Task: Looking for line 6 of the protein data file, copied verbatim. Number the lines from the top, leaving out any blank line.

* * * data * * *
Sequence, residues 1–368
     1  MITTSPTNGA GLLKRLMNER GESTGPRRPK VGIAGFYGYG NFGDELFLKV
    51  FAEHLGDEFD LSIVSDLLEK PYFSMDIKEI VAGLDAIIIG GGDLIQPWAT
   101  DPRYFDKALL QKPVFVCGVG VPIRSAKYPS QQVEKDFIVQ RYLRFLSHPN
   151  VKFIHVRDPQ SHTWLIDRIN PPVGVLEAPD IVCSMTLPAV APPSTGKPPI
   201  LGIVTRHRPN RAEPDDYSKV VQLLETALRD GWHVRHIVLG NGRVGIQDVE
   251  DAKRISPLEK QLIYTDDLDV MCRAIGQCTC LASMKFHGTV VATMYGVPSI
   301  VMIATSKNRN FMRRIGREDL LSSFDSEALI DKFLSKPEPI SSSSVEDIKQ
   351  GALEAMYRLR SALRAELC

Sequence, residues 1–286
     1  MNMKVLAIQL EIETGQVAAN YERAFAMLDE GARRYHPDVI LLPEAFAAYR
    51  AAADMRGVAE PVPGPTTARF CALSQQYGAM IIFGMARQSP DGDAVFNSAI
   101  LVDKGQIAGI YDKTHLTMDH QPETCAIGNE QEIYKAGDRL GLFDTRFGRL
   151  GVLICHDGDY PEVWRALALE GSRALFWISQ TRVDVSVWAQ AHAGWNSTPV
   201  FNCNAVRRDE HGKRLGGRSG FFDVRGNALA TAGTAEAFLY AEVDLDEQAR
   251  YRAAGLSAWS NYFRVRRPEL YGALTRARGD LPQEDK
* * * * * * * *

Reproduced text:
   201  LGIVTRHRPN RAEPDDYSKV VQLLETALRD GWHVRHIVLG NGRVGIQDVE